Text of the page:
Next, the waveguide β factors were computed using the decay rates of the cavity into the various channels as described below. If, is the total new decay rate of the loaded cavity, is the decay rate along the vertical channel and is the coupling rate of the cavity into the WG then, . The β factor is then evaluated asFigure 5 shows the computed β factors along the three different diagonals for three Qdis values of ∞, 105, 104. As can be seen, the β factors qualitatively maintain their functional dependence on the separation for different Qdis values. Also note that β factors for the all devices get smaller for Qdis=104, with the devices located along the farthest diagonal (a1=2) being influenced the most. Detailed calculations have shown that the intrinsic Q from intrinsic structural disorder is likely around 105–106 [30, 31], so the values of 104 are likely somewhat pessimistic.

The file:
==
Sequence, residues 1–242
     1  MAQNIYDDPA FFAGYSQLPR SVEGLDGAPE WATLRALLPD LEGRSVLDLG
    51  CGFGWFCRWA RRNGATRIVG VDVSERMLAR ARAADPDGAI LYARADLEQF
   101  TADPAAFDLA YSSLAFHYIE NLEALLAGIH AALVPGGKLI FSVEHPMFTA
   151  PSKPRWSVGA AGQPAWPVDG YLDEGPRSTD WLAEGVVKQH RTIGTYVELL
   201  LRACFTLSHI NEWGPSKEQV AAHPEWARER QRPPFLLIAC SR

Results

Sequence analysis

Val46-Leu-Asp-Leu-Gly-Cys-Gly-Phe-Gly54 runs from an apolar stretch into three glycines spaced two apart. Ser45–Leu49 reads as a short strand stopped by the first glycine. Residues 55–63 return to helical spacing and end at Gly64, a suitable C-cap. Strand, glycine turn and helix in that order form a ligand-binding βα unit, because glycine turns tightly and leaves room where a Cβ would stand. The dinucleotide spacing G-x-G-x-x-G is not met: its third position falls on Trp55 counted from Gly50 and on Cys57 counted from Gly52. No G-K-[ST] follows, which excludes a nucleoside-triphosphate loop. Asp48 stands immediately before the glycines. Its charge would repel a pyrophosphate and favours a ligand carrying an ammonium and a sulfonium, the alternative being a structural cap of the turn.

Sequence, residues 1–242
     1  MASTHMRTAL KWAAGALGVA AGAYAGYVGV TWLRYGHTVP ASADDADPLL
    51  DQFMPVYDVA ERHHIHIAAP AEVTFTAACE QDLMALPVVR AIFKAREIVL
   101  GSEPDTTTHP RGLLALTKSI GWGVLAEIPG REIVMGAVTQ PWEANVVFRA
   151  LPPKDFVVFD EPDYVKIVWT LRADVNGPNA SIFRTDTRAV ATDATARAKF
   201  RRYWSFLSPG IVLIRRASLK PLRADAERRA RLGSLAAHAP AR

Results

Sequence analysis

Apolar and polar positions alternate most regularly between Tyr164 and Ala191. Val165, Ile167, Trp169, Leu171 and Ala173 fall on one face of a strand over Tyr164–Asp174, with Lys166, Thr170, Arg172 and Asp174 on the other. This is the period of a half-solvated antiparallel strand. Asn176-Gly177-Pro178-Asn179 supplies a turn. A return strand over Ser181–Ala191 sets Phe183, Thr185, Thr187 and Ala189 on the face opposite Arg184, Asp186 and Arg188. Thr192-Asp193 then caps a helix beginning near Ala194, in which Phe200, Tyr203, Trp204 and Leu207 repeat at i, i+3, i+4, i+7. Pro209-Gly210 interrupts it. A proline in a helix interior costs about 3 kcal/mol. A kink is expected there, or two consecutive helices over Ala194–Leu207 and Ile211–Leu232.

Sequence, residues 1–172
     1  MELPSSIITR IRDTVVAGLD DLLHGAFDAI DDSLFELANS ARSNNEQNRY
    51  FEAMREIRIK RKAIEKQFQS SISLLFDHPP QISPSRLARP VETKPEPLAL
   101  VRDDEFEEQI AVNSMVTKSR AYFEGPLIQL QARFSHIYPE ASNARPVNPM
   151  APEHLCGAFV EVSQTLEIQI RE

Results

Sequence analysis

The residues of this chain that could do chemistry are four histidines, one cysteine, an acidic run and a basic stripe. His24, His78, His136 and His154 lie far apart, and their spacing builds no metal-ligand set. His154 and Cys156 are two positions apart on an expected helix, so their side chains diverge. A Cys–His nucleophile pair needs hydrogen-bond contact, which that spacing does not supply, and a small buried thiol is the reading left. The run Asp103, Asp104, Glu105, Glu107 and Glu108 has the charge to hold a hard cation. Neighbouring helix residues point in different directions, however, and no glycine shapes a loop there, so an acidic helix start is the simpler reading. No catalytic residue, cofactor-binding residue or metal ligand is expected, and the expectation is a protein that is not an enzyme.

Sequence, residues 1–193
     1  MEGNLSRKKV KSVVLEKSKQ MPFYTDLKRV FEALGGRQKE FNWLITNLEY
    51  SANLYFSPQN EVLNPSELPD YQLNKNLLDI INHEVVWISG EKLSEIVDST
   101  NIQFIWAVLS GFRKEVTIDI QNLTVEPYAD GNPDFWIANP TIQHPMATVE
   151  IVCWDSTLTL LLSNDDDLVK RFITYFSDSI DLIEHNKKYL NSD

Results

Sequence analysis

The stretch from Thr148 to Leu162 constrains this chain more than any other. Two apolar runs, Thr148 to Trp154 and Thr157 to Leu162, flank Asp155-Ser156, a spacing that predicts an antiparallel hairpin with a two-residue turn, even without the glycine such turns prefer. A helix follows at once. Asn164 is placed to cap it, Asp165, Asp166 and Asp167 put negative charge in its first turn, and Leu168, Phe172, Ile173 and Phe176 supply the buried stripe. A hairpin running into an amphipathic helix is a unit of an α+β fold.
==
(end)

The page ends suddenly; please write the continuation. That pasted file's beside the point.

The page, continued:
We have employed a QNM theory to calculate and design efficient PC coupled cavity-waveguides systems for SPS applications, and introduced important modal properties of the coupled system, including the effective mode volumes and quality factors for the complex 3D coupled cavity infinite waveguide system. We also demonstrated the critical role that the h-hole plays in coupling a PCN and PCW, and found, somewhat counter intuitively, that for intermediate PCN-PCW separations the loaded Q factor exhibits a local minimum. The precise size of the h-hole determines for which PCN-PCW separation this local minimum is achieved. In PC based SPS devices that aim to optimize Purcell factors and the collection of single photons emitted into a waveguide, the crucial role played by the h-hole must therefore be carefully taken into account. We anticipate a complete optimization of the h-hole for maximum coupling for the devices studied can possibly be accomplished using topological optimization algorithms .
We thank the National Science Foundation (NSF) and the Natural Sciences and Engineering Research Council of Canada. A.B. acknowledges support from NSF under CAREER Grant No. ECCS- 1454021 and Grant No. DMR- 1309734.